Paradise and Entropy

1 comment
It has not gone without observation that the 2nd law of Thermodynamics (Entropy, things tend towards disorder) can typically be observed in all areas of life. I know some would argue a narrower application by the definition, and that to some, such things really matter.

Entropy predicts that all energy available to do work will ultimately be spent, at which point the universe becomes one even temperature ("heat death"), and no one will particularly care as we will have left the scene long before. Nevertheless, it's a sticky point as many find or reject the theological implications as it brings about questions of destiny as well as origin. If all the usable energy is being depleted, then there must have been a point when the gas tank was full. Nevertheless, I'm quite comfortable with taking everyday observations and saying, "yep, entropy!"

Examples? Light-bulbs fail (which, by the way, I could swear never happened when I was a kid), lawnmower blades become dull, death as a process ultimately begins at conception, socks become worn through, book pages become yellow, model Republics become victims of enabled greed, etc. Each requires additional energy into the system for them to be maintained or returned to proper working order, else... disorder remains.

Yardwork fits neatly into this observation. I mean, aside from peer pressure and neighborhood association covenants, what's the point of mowing the yard? You're just going to have to do it again. Exaggeration, yes, but it's an expense of heat energy for no ultimate gain.

My father-in-law crafted our back yard. I didn't appreciate how much work he put into it until after we bought his house and lived in it for over a year. The "clean" deck as he maintained it requires considerable expense of heat energy, thanks to numerous trees which share not only their shade but their droppings. The back yard, a sloping 30' drop to a river, requires constant attention to prevent weeds, new trees, vines, falling debris, etc. from taking over what was handed to us as... a very beautiful backyard.

Arriving home yesterday from work, I heard a storm was coming and looked at the radar map. There was a big dark red splotch (hello, storm cell!) just north of where we lived. Whew, just missed us!

Then I clicked the motion button. The red spot wasn't skirting us; it was about to find its home on top of us. Within a minute, it was raining. In two, 1/4" hail. In three, we're gathered in our basement watching through a sliding glass door as the trees criss-cross the sky in the high winds, hail is pinging off the metal side door, and various objects (limbs, leaves, cows and other livestock) fly by. Enter the fresh scent of pine, resulting from mass breakage of limbs typically due to, depending on the season, ice or wind. Imagine a bulk container of PineSol being dumped in your yard.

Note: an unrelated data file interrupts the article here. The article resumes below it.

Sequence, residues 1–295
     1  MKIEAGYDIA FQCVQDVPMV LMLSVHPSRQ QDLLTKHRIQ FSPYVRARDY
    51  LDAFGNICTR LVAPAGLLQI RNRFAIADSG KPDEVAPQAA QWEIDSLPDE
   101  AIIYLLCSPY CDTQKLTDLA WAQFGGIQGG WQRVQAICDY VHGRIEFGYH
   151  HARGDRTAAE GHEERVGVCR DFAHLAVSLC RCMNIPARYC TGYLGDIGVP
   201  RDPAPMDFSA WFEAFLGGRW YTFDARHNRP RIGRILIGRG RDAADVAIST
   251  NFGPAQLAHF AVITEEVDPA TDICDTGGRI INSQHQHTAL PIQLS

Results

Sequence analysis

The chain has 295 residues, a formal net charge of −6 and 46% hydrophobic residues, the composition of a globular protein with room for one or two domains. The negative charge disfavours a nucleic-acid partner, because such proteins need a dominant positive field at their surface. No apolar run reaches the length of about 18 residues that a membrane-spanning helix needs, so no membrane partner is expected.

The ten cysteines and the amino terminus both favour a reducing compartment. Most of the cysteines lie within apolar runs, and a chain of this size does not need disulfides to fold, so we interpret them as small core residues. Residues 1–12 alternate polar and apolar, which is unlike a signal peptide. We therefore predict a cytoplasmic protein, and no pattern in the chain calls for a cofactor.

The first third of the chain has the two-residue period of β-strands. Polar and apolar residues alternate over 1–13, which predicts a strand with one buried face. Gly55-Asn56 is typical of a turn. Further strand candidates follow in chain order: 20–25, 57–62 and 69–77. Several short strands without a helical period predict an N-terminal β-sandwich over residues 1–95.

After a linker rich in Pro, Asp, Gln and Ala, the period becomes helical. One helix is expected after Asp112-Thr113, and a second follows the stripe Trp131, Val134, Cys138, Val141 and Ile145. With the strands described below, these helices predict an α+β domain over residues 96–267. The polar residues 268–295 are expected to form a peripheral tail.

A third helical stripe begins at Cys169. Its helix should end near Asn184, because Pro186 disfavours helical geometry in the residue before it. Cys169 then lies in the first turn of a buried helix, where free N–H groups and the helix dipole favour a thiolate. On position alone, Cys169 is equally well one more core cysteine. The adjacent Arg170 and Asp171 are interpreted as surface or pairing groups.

And leaves too: The leaves and small limbs in our front yard actually began their journey from our backyard, and came over the house.

We got leafed!:

Our lower deck, aka the leaf basket:

The day after. Keep in mind that the day before, there was a little undergrowth, but the ground was still predominantly brown from pine needles and leaves from last fall.



We were fortunate not to take damage to the house. Our yard is truly wrecked, and I do not even want to think about the hours and expense that awaits in returning to Paradise. I'd rather puzzle over entropy and use the required energy instead on, oh, air-conditioning will be just fine.

Three quick observations:
1) There's nothing like a storm and a loss of power to meet your neighbors. The streets were alive within minutes of the storm's passing.
2) No power, no readily available food. Out we go, over branches, under trees resting on power lines, dodging fallen debris in the roads... for what? Well, a good meal, but one accompanied by TVs at each table (where, as it happens, our neighborhood would be featured later). But what evil lurks in the heart of a suburban restaurant? The finals for American Idol. Heat death, where are you?
3) Upon our return, it's amazing how tired everyone can become when there is no electrically generated entertainment available. Off to bed goes the family. I did enjoy some time in the dark, stretched out on the leather recliner, with my i-Pod. The highlight of the shuffle play, before interest faded to yawns, was "A Song for All Seasons," by a 70's progrock band called Renaissance. Recommended for the adventurous with an ear to listen.

1 comment :

  1. You have no idea how worried I was about you and the family. I am so glad you are safe! I would offer to help with the yard work, but, well... American Idol is on! ;)

    I will put an ear out for that song...

    ReplyDelete